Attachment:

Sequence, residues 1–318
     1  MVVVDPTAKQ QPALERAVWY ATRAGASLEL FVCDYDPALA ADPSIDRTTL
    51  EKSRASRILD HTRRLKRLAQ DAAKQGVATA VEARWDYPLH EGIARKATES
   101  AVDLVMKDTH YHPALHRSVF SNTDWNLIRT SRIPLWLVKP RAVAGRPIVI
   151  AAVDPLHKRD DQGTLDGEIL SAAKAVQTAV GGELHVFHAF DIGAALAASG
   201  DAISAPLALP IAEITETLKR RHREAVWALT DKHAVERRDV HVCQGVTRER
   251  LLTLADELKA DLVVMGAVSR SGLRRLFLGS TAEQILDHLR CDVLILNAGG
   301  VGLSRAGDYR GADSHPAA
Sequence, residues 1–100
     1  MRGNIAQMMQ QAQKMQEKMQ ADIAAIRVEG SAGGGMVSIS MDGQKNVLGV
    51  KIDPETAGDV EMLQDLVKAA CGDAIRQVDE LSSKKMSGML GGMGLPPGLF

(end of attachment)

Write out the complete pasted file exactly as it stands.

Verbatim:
Sequence, residues 1–318
     1  MVVVDPTAKQ QPALERAVWY ATRAGASLEL FVCDYDPALA ADPSIDRTTL
    51  EKSRASRILD HTRRLKRLAQ DAAKQGVATA VEARWDYPLH EGIARKATES
   101  AVDLVMKDTH YHPALHRSVF SNTDWNLIRT SRIPLWLVKP RAVAGRPIVI
   151  AAVDPLHKRD DQGTLDGEIL SAAKAVQTAV GGELHVFHAF DIGAALAASG
   201  DAISAPLALP IAEITETLKR RHREAVWALT DKHAVERRDV HVCQGVTRER
   251  LLTLADELKA DLVVMGAVSR SGLRRLFLGS TAEQILDHLR CDVLILNAGG
   301  VGLSRAGDYR GADSHPAA
Sequence, residues 1–100
     1  MRGNIAQMMQ QAQKMQEKMQ ADIAAIRVEG SAGGGMVSIS MDGQKNVLGV
    51  KIDPETAGDV EMLQDLVKAA CGDAIRQVDE LSSKKMSGML GGMGLPPGLF